Having a tough year?
As church members choose conflict over peacemaking, appear more excited about politics than discipleship, give more weight to a pundit’s off-the-cuff opinion than your studied convictions, fall for sin rather than follow Scripture, reject the counsel of friends to pursue idols you know will hurt them, make time for school programs and sporting events but skip church, and criticize your leadership for recent decisions, groaning over such grievances and burdens feels natural.
You’re not alone. The invitation to murmur against your church tests all pastors and staff. But don’t get stuck there. Be careful not to grow accustomed to an irritable posture toward God’s people.
Moses never served as a pastor, but he did lead God’s people. Like you, he knew what it was like to lead sheep who bite, kick, and stray. So you probably get why he sometimes threw up his hands in dismay or smashed stone tablets. You might never say or do what Moses did, but you understand how he got there.
The invitation to murmur against your church tests all pastors and staff. But don’t get stuck there.
In Numbers 11, there’s already a beef between Moses and Israel. Israel regularly aired their criticisms against Moses’s provision, direction, and competence. And he fell prey to outbursts of anger for their stubbornness.
During one trial in the wilderness, an unhappy group appropriately called “the rabble” (Num. 11:4) spread complaints and stirred division that spread like a cancer. They moaned about how much better things were under different leadership. Despite God’s clear favor upon Moses, they wanted him out. They’d rather serve Pharaoh as slaves than follow Moses as free men and women. (Fortunately for Moses, email, online petitions, and social media didn’t exist.)
The continual complaints eventually crushed Moses. He responded by grumbling against the ones God put under his care (11:11–14). He asked God why he got stuck with them. He was annoyed and exasperated. The root of bitterness deepened. The divide between leader and followers widened. And the burden of leadership in ministry felt like too much to carry.
Every pastor knows the temptation to focus on troubles in his church. We can gravitate toward grumbling about the difficult people and the discouraging problems. When we do so, or at least when we stay there, our trust in God begins to weaken, and our love for the people wanes. Before long, we burn out––or we burn bridges––as we minister from a posture of irritability rather than grace.
Paul wasn’t sheltered from tough situations or trying people. He went toe-to-toe with false teachers, experienced apostasy and betrayal, knew slander and gossip, and worked through conflict and division. People questioned his apostleship, favored other leaders, and badmouthed his authority and gifting.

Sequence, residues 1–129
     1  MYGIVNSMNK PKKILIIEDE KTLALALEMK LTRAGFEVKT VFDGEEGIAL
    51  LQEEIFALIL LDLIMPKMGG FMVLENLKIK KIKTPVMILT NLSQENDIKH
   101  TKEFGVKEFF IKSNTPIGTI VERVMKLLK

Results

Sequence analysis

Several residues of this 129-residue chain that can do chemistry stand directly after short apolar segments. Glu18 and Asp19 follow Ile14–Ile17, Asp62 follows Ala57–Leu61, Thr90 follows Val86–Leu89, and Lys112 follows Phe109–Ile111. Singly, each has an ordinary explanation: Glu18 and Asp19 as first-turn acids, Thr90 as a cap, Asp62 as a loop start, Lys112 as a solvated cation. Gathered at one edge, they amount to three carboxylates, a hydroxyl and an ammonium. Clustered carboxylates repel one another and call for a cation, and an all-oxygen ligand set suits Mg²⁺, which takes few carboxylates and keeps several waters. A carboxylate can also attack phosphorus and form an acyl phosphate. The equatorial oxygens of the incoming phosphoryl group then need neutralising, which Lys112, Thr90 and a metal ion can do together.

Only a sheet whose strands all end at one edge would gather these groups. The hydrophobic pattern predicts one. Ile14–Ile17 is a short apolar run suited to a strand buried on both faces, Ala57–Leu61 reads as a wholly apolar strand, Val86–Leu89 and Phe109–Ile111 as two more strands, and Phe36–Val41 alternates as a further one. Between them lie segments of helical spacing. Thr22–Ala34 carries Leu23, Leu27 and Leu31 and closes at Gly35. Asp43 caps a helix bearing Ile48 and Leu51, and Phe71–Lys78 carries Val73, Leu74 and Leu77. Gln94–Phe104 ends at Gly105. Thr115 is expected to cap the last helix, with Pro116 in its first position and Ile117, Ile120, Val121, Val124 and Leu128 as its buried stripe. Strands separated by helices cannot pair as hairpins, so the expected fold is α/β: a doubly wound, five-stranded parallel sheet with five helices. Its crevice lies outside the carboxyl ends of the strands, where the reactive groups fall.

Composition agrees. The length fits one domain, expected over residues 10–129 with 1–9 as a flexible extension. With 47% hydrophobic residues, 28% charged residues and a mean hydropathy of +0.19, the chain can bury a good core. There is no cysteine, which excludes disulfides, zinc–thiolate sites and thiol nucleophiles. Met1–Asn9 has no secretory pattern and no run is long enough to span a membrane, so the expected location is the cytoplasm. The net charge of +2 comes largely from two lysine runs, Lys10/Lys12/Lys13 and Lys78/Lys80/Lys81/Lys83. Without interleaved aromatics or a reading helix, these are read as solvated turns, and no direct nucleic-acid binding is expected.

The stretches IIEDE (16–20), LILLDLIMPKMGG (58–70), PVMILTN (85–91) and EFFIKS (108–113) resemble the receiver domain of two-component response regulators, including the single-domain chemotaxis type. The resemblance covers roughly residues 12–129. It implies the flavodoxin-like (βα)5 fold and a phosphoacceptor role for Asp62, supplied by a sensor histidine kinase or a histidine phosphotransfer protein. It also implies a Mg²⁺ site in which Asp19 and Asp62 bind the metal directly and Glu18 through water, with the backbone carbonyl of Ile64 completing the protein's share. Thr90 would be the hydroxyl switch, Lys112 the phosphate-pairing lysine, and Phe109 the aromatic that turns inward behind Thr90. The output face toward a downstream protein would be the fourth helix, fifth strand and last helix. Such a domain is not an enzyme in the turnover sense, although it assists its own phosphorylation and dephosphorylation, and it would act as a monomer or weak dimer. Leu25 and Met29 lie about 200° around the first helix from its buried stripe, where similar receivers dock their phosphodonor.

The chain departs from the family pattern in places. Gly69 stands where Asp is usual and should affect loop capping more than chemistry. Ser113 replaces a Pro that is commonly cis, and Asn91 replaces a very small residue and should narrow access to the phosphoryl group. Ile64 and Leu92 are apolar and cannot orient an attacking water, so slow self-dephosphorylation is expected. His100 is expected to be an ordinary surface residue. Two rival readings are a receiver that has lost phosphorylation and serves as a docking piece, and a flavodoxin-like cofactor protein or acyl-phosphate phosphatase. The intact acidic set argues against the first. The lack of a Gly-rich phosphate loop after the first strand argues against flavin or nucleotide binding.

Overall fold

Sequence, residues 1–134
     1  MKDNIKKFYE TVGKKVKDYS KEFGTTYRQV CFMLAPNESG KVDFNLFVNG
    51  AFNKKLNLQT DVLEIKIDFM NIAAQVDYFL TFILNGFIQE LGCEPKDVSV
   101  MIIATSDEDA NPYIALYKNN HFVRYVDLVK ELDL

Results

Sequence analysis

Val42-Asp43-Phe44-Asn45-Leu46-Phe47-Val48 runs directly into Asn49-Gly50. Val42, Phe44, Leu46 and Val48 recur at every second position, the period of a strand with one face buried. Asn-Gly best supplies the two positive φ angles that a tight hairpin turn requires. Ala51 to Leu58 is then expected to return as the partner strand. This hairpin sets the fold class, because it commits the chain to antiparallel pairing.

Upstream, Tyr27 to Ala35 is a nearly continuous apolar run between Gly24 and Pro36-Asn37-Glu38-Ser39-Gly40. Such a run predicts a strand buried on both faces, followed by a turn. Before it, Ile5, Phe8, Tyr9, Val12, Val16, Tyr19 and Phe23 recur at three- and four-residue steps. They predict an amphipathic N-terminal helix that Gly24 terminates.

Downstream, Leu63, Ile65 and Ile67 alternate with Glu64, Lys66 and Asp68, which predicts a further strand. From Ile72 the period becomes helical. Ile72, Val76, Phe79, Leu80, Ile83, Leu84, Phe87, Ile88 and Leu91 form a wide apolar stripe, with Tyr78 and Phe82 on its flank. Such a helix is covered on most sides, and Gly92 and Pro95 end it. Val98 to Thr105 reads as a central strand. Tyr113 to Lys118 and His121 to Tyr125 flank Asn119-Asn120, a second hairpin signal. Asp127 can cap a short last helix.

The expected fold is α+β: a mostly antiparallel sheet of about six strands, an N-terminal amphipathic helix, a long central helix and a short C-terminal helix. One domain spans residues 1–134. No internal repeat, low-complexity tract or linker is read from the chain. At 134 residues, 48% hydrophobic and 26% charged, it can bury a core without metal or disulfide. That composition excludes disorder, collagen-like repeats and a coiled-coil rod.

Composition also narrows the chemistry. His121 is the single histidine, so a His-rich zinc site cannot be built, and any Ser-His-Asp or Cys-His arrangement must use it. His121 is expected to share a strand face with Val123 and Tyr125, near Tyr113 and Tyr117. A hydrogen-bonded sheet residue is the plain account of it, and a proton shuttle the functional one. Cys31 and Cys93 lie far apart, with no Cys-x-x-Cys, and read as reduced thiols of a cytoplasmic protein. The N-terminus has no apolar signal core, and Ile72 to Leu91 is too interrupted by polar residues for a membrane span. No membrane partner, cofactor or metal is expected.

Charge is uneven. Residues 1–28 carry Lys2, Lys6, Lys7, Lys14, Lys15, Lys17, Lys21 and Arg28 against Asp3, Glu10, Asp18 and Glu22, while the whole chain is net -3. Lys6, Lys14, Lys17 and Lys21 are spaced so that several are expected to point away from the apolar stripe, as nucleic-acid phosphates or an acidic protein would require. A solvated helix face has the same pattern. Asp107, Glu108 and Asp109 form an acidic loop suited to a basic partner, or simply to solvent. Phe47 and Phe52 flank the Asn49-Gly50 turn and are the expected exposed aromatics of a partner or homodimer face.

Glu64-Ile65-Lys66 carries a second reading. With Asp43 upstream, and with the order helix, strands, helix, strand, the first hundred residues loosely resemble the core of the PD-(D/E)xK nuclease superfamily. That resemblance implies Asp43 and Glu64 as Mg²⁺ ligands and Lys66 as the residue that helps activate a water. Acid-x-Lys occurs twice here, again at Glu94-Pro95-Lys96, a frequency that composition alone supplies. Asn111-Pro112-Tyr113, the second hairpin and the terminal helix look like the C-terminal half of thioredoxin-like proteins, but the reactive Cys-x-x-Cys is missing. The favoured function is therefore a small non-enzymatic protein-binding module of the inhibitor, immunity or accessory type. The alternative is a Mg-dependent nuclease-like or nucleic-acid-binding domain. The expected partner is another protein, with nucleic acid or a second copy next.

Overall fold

We burn out––or we burn bridges––as we minister from a posture of irritability rather than grace.
But what stands out from Paul’s letters is the way he consistently chose gratitude over grumbling. He oversaw sinful congregations and imperfect parishioners, but this didn’t overshadow the good work of God. And by keeping his eyes on the good gifts and growth, he found reasons for thanksgiving.
One example comes from Colossians. Paul says when he thinks of the church there, he gives thanks for them (Col. 1:3). Don’t you want that to be true of your mindset toward your church?
At the forefront of Paul’s mind isn’t the false teaching, a divisive faction in the church, or unhealthy practices of asceticism. Paul eventually addresses these issues, so he isn’t ignoring them. But his first thought is thankfulness. His knee-jerk response to the church is celebration rather than complaint.
He thanks God for the Spirit-produced work of faith, love, and hope (1:4–5). He gives thanks for how the gospel of Jesus turns strangers into family (1:2), grants them an eternal inheritance (1:5), and ripens into fruit spreading out to the world (1:6). None of this is their work or Paul’s work; it is God’s. Paul knows this, and is grateful for the small and big things God is accomplishing in their midst.
Paul can take on a posture of thankfulness to God for an imperfect church because he trusts it is God who is ultimately responsible for their well-being.
Paul can take on a posture of thankfulness to God for an imperfect church because he trusts it is God who’s ultimately responsible for the church’s well-being. Yes, Paul has a role to play. Yes, he will encourage and admonish, teach and warn (1:28). But the church is Christ’s bride alone. The good work started in them is the work God will be faithful to finish (Phil. 1:6). Paul doesn’t put all the pressure of their growth, health, or perseverance on his own shoulders. He feels a healthy weight of responsibility and does what he can to shepherd them, but he entrusts them to God and lets him carry this weight.
Thanksgiving gives us a zoomed-out perspective. While it’s easy to focus on faults, failures, and frustrations, which leads to discouragement, by choosing to give thanks we open our eyes to how God is at work in and among his church. Prioritize gratitude for what God is doing rather than grumbling about what he isn’t doing. This isn’t simply being optimistic or tapping into positive thinking. It’s resting and rejoicing in the blessings of God we might be overlooking.